April 2011 will see MESSENGER begin the science phase of its orbital mission at Mercury, and should, I think, also see the start of Dawn's approach observations of Vesta. At Mars, Opportunity is back on the road again, rolling inexorably toward Endeavour. At Saturn, Cassini will continue its focus on Saturn and Titan science.
Wednesday morning included some interesting conversations. Notably, I spoke with Pamela Gay, who is responsible for the MoonZoo citizen science program and who is presently working on developing a site through which the public will be able to help search for potential Kuiper belt objects for the New Horizons mission to encounter after the Pluto flyby.
Europe is apparently of the mind that science and technology will help to carry them out of tough economic times, and has made three-year commitments to continue the in-space operations of 11 missions through 2014.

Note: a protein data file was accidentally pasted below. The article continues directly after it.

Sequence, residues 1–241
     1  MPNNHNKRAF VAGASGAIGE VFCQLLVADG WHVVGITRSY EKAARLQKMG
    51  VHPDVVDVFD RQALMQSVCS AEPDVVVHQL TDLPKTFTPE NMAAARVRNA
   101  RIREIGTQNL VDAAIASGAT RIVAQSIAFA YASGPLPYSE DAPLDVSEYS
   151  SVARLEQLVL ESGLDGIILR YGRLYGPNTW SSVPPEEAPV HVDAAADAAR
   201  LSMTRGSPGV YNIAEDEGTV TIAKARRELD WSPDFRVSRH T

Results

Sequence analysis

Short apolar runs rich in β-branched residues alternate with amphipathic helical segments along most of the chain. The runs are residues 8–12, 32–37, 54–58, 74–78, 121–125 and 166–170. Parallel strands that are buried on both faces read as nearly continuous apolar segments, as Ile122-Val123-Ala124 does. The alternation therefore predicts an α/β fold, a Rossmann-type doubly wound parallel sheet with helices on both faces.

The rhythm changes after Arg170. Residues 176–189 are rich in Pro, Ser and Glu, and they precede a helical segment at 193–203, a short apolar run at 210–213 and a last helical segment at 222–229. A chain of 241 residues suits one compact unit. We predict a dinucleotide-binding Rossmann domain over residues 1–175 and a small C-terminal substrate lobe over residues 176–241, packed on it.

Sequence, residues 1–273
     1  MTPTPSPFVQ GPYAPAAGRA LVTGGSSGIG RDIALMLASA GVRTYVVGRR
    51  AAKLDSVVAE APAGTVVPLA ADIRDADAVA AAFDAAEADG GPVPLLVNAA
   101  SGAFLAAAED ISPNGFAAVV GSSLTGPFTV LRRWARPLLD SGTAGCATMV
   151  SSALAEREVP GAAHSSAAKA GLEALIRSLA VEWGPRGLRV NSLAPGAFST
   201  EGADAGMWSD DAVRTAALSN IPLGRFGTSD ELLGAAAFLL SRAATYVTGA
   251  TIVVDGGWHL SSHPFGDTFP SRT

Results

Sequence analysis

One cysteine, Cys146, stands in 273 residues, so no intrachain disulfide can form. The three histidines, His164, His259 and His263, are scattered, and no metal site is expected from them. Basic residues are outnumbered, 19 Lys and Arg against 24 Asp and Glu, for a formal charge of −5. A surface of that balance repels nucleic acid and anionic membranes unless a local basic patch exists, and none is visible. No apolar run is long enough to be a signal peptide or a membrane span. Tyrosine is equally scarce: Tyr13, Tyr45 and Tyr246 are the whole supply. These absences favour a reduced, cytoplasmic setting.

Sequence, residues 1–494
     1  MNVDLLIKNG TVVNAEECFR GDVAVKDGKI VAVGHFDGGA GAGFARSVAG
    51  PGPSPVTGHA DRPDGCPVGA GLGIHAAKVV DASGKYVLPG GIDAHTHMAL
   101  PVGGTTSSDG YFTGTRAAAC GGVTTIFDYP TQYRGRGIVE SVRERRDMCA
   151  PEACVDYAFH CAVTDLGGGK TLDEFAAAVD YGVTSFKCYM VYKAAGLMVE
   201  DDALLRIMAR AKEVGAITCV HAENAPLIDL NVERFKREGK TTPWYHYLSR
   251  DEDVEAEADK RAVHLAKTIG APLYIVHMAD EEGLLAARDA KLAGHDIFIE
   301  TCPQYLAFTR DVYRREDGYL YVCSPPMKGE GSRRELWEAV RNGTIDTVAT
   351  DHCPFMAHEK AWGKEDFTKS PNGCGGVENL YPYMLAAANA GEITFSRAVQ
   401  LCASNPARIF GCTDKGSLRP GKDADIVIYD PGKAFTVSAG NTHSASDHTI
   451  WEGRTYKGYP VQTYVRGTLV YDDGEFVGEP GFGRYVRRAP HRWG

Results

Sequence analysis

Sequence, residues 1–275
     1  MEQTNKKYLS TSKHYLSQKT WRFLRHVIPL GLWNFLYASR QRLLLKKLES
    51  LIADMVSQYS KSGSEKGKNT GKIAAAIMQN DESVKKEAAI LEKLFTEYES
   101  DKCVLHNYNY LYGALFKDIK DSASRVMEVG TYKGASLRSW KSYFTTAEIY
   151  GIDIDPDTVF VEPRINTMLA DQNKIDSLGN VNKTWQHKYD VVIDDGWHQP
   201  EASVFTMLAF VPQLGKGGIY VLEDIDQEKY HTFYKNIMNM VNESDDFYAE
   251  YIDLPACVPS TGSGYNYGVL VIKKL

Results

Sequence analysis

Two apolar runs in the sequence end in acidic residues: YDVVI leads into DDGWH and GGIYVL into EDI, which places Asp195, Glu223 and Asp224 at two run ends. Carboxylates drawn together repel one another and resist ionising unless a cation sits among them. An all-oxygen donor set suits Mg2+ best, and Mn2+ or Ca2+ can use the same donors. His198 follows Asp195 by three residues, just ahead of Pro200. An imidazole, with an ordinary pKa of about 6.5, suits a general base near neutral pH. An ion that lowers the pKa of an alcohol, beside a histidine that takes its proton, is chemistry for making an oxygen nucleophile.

Despite the fact that I began my career in science doing research on Magellan images of Venus, I've often avoided Venus sessions at the Lunar and Planetary Science Conference because they've tended to be pointlessly contentious. But I decided to attend the one this year to see how things went.
According to the latest Venus Express Status Reporton ESA's website, the Near Earth Commissioning Phase of the mission has been completed successfully, and the spacecraft is going to be napping for a few weeks as it continues to cruise toward Venus.